Sad to say, sometimes you don’t keep up with some friendships and they drift away without you really knowing it until the years pass. You have great memories and even though we have the excuse of kids, the job and aging parents and in-laws, the fact remains that to have a friend is to be a friend. I had too many great times with the Moon Cyclists to let that drift away and now I am in the mindset of trying to rekindle the relationships by what else? Putting together a group ride. I am going to do it and we will again tell the stories that we all like to tell like how we took Greg LeMond’s picture at the World Cycling Championships as he exited the port a john. We all were there to ride in Colorado and take in the race at the Air Force Academy. We were such fans then that in true paparazzi fashion, we could not wait to take pictures of the Tour Champion wherever and whenever we could. The poor guy couldn’t even hit the can without the Moon Cyclists all stalking him. Hilarious then and hilarious today. We can talk about how Gary would crave chocolate after a ride, eat it feverishly and then sink into a chocolate coma and become almost incoherent. Gary Bywaters instituted team time trials at the time and we all rode with each other in different combinations a lot of the time and laughed about how we performed or didn’t perform. How Larry Lynch yelled at us after his pull because our miles per hour slowed down after he killed us with each pull. We had several recovery beers after those time trials. Lots of good times -leather hair nets and all!!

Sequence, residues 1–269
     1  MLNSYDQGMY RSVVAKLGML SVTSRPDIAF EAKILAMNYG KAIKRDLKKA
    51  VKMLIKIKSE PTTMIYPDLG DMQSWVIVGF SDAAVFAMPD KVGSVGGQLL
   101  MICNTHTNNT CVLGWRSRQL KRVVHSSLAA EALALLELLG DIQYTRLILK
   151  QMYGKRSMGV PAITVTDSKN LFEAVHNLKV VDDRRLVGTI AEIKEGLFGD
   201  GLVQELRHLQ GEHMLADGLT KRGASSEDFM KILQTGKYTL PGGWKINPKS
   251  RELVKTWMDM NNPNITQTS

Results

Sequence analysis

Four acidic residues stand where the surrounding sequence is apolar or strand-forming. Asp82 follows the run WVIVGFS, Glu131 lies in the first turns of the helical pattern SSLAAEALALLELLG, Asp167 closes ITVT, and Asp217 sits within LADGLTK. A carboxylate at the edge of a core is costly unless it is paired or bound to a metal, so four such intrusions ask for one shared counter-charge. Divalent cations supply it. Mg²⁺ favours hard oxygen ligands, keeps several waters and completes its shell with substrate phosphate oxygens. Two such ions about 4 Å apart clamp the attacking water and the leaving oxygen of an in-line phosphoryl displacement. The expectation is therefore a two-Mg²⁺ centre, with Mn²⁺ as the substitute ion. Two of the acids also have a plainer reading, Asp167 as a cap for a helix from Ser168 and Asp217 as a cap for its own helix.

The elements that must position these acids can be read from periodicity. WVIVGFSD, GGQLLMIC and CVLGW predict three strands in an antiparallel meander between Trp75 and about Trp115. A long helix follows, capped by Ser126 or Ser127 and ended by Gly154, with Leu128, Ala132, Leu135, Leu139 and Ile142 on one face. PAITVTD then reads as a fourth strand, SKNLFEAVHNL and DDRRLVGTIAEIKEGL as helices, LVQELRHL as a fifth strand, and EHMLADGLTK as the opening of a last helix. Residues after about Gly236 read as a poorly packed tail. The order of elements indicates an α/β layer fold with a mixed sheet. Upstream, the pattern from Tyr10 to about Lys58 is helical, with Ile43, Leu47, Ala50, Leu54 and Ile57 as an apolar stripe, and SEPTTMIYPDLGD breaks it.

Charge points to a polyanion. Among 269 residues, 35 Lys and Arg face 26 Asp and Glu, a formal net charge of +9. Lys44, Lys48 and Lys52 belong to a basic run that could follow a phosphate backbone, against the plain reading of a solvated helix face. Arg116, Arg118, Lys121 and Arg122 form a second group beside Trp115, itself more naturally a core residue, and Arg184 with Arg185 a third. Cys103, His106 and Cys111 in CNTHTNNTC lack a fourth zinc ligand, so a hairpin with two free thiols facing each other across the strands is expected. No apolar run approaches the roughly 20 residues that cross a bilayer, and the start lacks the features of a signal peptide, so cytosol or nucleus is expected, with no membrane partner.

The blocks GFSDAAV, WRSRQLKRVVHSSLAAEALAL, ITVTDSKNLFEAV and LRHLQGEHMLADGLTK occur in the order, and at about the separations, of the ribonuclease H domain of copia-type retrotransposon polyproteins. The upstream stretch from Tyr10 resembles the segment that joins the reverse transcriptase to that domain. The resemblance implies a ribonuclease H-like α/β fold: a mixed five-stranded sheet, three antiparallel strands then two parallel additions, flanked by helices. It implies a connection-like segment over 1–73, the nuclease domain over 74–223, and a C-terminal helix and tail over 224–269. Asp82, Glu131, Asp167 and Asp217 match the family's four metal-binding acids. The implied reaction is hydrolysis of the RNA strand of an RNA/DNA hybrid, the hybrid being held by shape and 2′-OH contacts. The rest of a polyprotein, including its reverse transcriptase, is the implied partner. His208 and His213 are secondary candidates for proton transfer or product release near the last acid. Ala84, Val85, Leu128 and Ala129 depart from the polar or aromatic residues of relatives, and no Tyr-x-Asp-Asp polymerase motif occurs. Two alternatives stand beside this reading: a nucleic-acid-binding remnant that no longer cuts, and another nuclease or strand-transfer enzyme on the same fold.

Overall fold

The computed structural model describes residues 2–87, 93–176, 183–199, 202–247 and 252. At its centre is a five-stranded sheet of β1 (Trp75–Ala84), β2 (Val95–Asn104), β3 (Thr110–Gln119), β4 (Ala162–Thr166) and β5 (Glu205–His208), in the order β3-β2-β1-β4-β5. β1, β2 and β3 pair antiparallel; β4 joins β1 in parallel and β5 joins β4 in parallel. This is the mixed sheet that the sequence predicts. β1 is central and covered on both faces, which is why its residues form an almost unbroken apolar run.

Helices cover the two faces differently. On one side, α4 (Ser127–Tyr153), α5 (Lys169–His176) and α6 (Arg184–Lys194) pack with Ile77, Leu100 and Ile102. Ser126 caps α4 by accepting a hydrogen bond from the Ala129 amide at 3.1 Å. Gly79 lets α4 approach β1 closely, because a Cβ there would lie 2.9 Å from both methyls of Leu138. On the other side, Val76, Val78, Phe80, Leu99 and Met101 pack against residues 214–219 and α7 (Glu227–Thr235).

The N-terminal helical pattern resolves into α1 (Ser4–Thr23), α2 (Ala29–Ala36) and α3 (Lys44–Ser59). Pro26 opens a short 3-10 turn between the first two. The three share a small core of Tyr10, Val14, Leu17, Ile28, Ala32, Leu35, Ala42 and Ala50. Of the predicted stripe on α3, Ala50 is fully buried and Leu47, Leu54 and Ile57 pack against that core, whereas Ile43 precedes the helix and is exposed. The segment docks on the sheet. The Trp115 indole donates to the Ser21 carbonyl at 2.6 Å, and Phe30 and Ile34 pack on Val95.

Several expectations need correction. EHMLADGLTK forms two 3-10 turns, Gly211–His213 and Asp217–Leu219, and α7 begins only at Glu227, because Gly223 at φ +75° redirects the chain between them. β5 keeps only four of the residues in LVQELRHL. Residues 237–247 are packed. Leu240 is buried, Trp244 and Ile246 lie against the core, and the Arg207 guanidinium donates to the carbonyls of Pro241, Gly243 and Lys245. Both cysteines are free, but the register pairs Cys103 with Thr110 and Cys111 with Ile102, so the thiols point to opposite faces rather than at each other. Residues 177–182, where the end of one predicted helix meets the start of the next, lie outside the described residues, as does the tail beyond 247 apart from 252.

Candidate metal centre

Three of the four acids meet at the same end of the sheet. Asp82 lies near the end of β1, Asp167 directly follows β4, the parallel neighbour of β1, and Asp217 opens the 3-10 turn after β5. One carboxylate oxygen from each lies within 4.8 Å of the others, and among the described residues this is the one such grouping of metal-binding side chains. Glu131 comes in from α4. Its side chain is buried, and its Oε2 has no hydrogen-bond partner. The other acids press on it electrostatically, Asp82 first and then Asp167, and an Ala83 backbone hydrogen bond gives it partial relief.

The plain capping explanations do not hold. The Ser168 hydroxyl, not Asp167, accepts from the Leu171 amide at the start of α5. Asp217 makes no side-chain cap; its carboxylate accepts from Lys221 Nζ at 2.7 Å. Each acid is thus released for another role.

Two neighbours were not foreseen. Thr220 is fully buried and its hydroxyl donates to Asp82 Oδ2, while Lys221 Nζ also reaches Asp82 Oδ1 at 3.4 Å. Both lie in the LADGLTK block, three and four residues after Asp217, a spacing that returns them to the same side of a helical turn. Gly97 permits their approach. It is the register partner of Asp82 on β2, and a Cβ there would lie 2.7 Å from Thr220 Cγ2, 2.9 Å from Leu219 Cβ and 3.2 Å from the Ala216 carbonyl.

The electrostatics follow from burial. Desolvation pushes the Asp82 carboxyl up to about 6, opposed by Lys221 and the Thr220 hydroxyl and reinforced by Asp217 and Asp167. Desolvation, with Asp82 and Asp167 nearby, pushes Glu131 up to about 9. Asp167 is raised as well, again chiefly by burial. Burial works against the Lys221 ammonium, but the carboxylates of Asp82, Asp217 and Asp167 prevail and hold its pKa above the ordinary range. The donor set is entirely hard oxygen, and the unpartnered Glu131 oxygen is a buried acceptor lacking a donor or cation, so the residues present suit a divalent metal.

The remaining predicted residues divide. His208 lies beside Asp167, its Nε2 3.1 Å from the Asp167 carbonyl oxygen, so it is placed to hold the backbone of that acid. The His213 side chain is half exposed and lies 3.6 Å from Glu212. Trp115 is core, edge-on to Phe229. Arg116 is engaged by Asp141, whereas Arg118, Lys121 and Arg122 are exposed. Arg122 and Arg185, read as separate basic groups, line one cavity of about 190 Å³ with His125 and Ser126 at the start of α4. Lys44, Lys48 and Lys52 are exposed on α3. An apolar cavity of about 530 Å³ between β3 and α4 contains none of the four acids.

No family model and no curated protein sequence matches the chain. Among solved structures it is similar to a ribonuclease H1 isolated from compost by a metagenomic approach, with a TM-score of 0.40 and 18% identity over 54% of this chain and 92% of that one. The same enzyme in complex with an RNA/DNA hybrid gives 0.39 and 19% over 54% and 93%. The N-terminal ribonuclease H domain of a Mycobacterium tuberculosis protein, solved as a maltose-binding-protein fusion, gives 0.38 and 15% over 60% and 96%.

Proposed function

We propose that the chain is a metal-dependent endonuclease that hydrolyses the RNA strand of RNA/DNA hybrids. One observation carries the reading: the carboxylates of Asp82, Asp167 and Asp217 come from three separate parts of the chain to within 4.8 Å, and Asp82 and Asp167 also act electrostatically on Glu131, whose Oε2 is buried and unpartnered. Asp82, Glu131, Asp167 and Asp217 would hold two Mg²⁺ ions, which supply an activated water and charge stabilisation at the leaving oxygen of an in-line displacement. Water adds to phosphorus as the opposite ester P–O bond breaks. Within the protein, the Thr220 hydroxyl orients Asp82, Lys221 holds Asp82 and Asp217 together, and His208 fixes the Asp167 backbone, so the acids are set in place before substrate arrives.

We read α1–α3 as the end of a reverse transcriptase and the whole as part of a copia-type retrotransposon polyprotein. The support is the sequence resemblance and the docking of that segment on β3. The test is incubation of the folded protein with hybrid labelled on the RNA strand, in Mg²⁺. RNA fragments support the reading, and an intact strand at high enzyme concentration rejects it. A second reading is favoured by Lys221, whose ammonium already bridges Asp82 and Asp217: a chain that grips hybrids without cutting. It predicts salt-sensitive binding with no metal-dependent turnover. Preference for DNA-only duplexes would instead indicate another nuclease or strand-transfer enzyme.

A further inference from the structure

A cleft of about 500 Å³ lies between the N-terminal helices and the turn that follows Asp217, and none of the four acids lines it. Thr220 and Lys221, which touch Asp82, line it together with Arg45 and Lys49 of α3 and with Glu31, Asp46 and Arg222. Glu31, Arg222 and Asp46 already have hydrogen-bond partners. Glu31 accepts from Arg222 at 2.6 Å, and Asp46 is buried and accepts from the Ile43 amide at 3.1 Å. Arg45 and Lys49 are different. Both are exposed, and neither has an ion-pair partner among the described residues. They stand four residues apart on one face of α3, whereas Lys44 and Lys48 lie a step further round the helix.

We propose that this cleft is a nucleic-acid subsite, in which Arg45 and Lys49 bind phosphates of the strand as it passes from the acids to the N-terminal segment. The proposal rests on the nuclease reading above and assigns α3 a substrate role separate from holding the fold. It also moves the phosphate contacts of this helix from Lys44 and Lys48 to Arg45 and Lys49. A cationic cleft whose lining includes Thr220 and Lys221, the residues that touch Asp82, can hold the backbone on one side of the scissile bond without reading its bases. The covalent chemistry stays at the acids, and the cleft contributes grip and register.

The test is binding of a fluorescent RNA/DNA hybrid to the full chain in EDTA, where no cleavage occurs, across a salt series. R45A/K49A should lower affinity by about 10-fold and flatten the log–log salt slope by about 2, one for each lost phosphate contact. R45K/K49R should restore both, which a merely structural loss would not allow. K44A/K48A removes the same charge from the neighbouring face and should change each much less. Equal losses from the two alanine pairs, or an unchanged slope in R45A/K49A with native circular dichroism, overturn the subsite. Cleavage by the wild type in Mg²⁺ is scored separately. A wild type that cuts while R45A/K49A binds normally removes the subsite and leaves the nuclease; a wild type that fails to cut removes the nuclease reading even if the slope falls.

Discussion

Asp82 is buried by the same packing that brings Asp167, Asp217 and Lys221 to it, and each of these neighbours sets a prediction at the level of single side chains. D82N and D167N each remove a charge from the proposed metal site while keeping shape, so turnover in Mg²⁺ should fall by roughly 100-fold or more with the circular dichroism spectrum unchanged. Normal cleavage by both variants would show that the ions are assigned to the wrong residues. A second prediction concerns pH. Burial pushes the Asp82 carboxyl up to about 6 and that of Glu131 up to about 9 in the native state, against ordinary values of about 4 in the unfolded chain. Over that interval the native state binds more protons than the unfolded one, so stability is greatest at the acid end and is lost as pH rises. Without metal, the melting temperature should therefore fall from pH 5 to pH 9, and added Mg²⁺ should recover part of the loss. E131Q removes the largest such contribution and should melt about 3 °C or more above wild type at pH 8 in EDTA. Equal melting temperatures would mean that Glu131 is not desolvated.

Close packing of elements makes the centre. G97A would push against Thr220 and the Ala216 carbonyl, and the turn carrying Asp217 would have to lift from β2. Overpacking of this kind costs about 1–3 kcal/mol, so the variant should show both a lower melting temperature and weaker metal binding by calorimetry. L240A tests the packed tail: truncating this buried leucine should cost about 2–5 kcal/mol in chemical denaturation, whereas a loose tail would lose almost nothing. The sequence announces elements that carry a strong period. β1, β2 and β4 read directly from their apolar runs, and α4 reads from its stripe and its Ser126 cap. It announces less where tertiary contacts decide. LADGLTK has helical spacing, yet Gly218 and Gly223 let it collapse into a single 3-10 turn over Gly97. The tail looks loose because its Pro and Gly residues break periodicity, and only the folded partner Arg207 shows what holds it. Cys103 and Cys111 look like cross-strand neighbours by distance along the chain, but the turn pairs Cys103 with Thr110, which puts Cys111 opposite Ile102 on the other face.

As I watched the young guy with the shiny shaved legs drift away from me, I savored those old days in my mind and as we all have entered or will soon be entering the “empty nesters” league, we need to rekindle the fire of those old days. Not as fast, not in races, but definitely in fun and laughter. Make sure you keep in touch with all of your friends if you can. It is so important and it is never, ever too late to rekindle the “schvette together.” Thanks for reading.